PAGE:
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Eight key roles you may meet on your fostering journey.

Who are the eight key roles you may meet in fostering?

We know what it is like when you first start, there are so many key roles of people and institutions, which feel like they are never-ending! Add on top of that all of the new terminology and phrases into the mix and it can really feel quite overwhelming. But fear not!

Here are the key roles of people and institutions you may come into contact with during your fostering journey and a short explanation of what they do and when you may come into contact with them. As always, our job is to equip you with the knowledge you need, we hope this list of key roles will be helpful!

Key roles
Key roles in fostering

Key roles, broken down


Advocates are a key role which can offer advice and support to a child or young person. The main purpose of a child advocate is to enable children to express their wishes and feelings. The aim of child advocacy is to encourage the empowerment of children and uphold their human rights. CORAM have pulled together a great article on the role of an advocate for foster children, you can see it here; what is an advocate?

Children’s Guardians

Guardians are a key role appointed by the court to represent the rights and interests of children in cases that involve social services. Their role is to advise the court on what they think is best for the child.

Child’s Social Worker

Your foster child’s social worker represents the local authority in its role as a “corporate parent”. They hold statutory case responsibility regarding planning and decision-making for your foster child but do so in consultation and agreement with other professionals including their own management. Their main concern and priority are the welfare, safety and progress of your foster child.

Educational Professionals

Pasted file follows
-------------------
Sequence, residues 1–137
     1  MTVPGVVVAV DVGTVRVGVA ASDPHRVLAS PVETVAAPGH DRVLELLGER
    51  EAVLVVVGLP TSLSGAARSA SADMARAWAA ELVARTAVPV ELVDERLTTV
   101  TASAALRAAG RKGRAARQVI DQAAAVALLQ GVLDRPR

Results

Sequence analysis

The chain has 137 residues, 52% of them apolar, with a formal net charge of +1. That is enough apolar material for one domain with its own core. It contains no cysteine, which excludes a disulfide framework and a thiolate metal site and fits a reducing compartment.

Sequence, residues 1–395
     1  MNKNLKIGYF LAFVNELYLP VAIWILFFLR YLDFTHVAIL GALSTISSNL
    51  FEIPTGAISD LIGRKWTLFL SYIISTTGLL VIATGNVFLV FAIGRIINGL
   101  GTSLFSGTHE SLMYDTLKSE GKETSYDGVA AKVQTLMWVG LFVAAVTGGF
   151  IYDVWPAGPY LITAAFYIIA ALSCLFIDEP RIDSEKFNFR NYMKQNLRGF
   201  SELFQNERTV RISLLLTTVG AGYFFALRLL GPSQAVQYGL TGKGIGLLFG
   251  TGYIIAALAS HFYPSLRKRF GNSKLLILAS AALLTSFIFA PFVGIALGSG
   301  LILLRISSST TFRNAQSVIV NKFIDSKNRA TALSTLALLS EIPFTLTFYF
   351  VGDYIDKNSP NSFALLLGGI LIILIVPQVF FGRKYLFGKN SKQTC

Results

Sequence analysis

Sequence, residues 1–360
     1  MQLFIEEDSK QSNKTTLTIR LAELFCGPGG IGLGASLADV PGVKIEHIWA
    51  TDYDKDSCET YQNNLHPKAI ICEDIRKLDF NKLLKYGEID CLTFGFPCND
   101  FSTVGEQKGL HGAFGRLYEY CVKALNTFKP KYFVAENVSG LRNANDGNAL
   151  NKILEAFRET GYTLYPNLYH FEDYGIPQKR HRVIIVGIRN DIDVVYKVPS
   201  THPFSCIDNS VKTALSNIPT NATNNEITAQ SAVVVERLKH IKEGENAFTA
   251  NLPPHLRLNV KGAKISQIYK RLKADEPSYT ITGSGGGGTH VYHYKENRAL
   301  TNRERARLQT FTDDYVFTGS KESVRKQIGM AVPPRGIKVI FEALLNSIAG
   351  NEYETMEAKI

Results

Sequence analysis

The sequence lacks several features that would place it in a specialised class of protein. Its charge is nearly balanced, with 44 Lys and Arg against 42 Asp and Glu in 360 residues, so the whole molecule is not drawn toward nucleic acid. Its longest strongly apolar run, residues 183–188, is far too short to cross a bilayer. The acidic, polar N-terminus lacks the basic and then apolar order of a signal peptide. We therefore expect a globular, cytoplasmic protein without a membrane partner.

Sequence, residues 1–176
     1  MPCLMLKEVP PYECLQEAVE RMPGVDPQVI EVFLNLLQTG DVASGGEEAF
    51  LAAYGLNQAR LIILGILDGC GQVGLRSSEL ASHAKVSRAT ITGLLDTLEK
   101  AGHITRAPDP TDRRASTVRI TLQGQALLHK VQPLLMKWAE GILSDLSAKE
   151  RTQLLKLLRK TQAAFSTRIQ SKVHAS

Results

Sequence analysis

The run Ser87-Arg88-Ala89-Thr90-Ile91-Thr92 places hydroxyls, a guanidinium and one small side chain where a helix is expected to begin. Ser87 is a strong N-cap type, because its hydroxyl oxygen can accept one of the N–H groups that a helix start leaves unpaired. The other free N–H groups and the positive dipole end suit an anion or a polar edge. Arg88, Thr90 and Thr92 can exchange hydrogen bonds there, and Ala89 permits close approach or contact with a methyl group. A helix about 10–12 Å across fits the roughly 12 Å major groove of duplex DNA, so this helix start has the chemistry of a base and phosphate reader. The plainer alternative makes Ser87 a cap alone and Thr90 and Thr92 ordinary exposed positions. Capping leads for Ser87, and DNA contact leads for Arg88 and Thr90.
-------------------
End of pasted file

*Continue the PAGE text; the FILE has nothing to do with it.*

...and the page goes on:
This key role includes teachers, pastoral support, designated teachers for looked after children, virtual schools team, designated school safeguarding officers and educational psychologists. These professionals all work together as part of the wider team of professionals around the child with a focus on educational objectives and outcomes. This also includes ensuring that your foster child is in the best educational setting for them and has access to any additional support or resources as needed.

Health Professionals

This includes both physical and mental health professionals. This key role could include doctors, dentists, opticians, consultants, specialists and therapists. Your foster child’s health care needs will be detailed in their Placement Plan (or Placement Agreement) and Medical Assessment. Your foster child will need your support in getting to and from appointments and you will likely need to be present during appointments to support your child and answer any questions from health staff.

Independent Visitors

An Independent Visitor (IV) is an adult volunteer who befriends and develops a long-term friendship with a young person in care. This can involve helping young people develop new interests, skills and hobbies or going on outings such as to the cinema, bowling or just a walk in the park. The volunteers are called ‘Independent Visitors’ because they are truly ‘independent’ people outside the care system giving the young person continuity.

Supervising Social Workers (SSW)

SSWs are the key role allocated to foster parents to offer guidance and support and also to ensure that foster children are receiving appropriate standards of care. Your SSW will talk to you about your foster child’s progress, the impact of fostering on your household, any support or information you may need, as well as your learning and development needs. They will meet with you monthly and speak to you regularly by phone or video.


Mosaic therapists undertake trauma-based assessments on all children placed in our care. These assessments provide recommendations on how to best address the immediate and long-term needs of your foster child including trauma recovery and parenting strategies. Our therapists also provide foster parents with clinical supervision and reflection and undertake direct work with children where agreed. You may also have involvement from a therapist outside of Mosaic depending on the approach required for your foster child.

We hope this list of key roles has helped to explain what some of the people around you do and how they are there to help. Heard of a key role, not on this list? Send us a message so we can help further!

If you are interested in fostering and need any area of the process explained to you, please get in touch and one of our team will be more than happy to have a chat with you.

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Mosaic Foster Care is a Private Ltd Company (reg no 07133494) providing fostering placements for children and young people to age 18.
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